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Jack Dorsey On The Health Of Twitter

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Last Played: October 21, 2021
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Brian Stelter interviews Twitter CEO Jack Dorsey as he asks fields some of the top questions posed at the social media goliath.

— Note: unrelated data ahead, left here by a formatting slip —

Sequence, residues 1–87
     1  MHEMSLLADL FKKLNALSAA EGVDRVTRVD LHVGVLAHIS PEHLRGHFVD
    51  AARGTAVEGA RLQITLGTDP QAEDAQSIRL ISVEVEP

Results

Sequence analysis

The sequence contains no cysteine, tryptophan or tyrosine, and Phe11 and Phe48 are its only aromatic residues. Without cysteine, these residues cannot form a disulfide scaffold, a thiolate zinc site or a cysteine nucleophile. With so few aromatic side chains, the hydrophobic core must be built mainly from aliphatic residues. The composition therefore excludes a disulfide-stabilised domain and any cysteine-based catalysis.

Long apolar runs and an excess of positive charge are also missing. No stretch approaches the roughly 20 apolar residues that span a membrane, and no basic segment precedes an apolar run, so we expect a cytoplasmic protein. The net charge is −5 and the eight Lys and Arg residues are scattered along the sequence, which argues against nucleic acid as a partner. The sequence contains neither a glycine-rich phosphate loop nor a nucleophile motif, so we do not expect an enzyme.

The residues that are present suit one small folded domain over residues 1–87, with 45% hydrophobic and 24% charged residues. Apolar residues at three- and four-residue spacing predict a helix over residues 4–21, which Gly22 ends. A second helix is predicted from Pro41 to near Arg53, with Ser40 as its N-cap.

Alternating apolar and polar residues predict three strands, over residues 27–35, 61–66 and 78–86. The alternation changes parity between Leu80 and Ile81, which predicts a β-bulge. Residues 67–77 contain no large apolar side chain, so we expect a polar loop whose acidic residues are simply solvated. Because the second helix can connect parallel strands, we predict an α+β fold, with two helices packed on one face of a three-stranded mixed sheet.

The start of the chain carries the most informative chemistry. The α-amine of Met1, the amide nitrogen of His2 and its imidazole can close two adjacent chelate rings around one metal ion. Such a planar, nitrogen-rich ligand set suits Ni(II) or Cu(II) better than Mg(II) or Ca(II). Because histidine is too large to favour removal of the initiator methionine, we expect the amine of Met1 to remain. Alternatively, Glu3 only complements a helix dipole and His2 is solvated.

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Hey, welcome to a special edition of the Reliable Sources podcast, an in depth interview with twitter, Ceo, Jack Dorsey, I'm brian Stelter and I flew out to twitter headquarters in san Francisco recently to sit down with Dorsey, he's been on a bit of a media tour recently giving interviews and opening up about twitter's problems battling abuse and hate speech disinformation and harassment. These problems of course are not unique to twitter, but Dorsey says he is willing to consider anything, he's willing to question everything in order to improve the service, to improve what he calls the health of the conversations on twitter. We spoke for about 30 minutes on the 10th floor of the Twitter headquarters, we aired a portion of this on television, but we wanted to share the entire conversation with you in this podcast format beginning with a pretty simple question, What's broken Jack, thanks so much for sitting down with me, Thank you a big question to start off with uh and I'm sorry, it sounds so negative, but what is broken about twitter today, what is broken about twitter? I mean I think it really depends on who you follow and your perception of what you see and how you feel about that. I mean there's a lot of emphasis today on politics, twitter and politics, twitter tends to be pretty divisive and it tends to be pretty contentious and you see a lot of outrage and you see a lot of um a lot of unhealthy debate that you probably want to walk away from tangibly if you go to other twitter's like NBA twitter or K pop twitter, you see the complete opposite, You see a lot of empowering conversation, you see a lot of aspects that want to keep you in the conversation and have you engaged in the conversation, So we do have a lot of focus right now on some of the negative things given the current environment and I believe it's important to see those, I believe it's important to see the dark areas of society so that we can acknowledge and we can address them and I think the only way to address them is through conversation, but it is hard, especially when it feels toxic and you want to walk away from it. So I I don't think there's a generalization around what is broken about twitter, but there are certainly things that we can look at to help it be healthier across all the twitters that you might follow and you might be interested in across all the communities that exist on Absolutely. What about incentives that encourage the extremes, encourage polarization when you're trying to get lots of likes and retweets doesn't that encourage people to behave badly, you know, I believe it may and just backing up a bit like when we started the Company in the service 12 years ago, we weren't necessarily thinking about some of the repercussions from our actions and they look quite small at the time, for instance, we thought, you know, well people are following you, so we should count them and then we should put that count right on your profile page and obviously people care about that, so we should make it big. But that one small choice and it felt very small at the time and it felt obvious at the time put an incentive to grow that number. Is that the right attention? Is that the right incentive that we should be driving? I don't think it is today. I don't think it matters as much in context of how many conversations you have or how much you contribute back to the network. And like is another good example um where uh you know when you tweet and you don't get a lot of likes and you feel bad about it is that the incentive we really want to drive is that what we're actually trying to encourage people to think about? The answer is yes, because it's in the product and that's the one thing we really haven't questioned over the past 12 years is what is the point of view that the arrangement of the buttons on every tweet says what is the point of view? And the incentives that we're putting in front of people when they just experience the product, What are we trying to tell them what to do? Because every product decision we make is telling them to do something. And another good example that I think will help a lot of what we're trying to do in health is what we see with echo chambers. We we only give people one tool right now which is to follow an account and if you follow an account and it has a particular viewpoint, you're only going to hear that viewpoint and a lot of people will not go and try to find another account with a different viewpoint and then follow it. But if you look at a hashtag around an issue around the topic, you're more likely to see different perspectives and those different perspectives might challenge your thinking. It might embolden your thinking, but at least the potential is there to see something a little bit differently from the other side. So we need to do a much better job at making that easier because it is not obvious how you do that on twitter today. Do you want people to be able to follow stories or subjects or hashtags? We've been focusing a lot of the service today more advising it more towards topics more towards interest. We've been experimenting in the Explorer tab, We have a moment product which is trying to curate twitter from, you know, a broad range of perspective and sometimes we do a great job with that sometimes, you know, we could do better, we've been starting to put some of those experiments within the timeline itself. The reality is that's where people spend the majority of their time. So we are aware of some of the, you know, silos and how we're isolating people by only giving them crude tools to follow accounts and we need to broaden our thinking and get more back to an interest based network. It sounds like you are willing and ready and willing to rebuild the entire house to renovate everything. We're ready to question everything. I mean, we've changed so much in Twitter over the past 12 years and I know it doesn't always feel that way, but we've changed a lot, but we haven't changed the underlying fundamentals. We haven't changed some of the incentives that we probably took for granted because they were easy when we built it and they felt obvious when they built it, but it may not be relevant today. So looking at what incentives are relevant today. And to me it's really about guiding contribution back to the conversation and how do we help people help guide people back to healthy conversation and realizing that not everyone is going to choose health in the short term, but over the long term, can we show them by choosing health? Will broaden their audience, will broaden their reach and will broaden their participation in a much bigger conversation when you say health. Is that a euphemism for something? Well, we, you know, we've seen all these issues on the service, we've seen abuse, we've seen trolling, we've seen harassment, we've seen misinformation and it came to a point where we felt we were playing whack a mole. We're just, you know, and also just addressing the surface level behaviors instead of symptoms rather than looking deeper at the second order drivers, what's behind all these actions? And we wanted something that was really tangible. That could be comprehensive of everything that we're seeing. So we were asked the question, what if you could monitor what what if you can measure the health of a conversation? And that just kind of took me back. I'm like, what? What do you what do you mean by that? That's fascinating. And you know, the human body has a health indicator. Its temperature, for instance, your temperature should be 98.6 if it's above or below indicates that your system is out of balance. We have a measurement tool to measure that indicator which is a thermometer based on that measurement, I can suggest that you take hot water with lemon which might minimize your time being sick or if you take this wine based off all of our experience, it might lengthen the time that you're sick. So what we mean by that is, can we measure, can we find indicators of conversational health and we think we can because we all know when we've been in a conversation that has felt toxic that we want to walk away from and that's an indicator. We've we've been conversations that don't feel toxic, that feel empowering, that we want to stay in. That's an indicator. So if we can measure that, then we can measure our progress and then we can actually understand if we're helping at all and that's our intention right now. So it it feels like an abstract concept, but it's very real, and we do believe we can measure this and help show evidence and patterns and experiences as to why you would want to choose healthier discourse over, not realizing fully that not everyone is going to choose healthy discourse in the short term.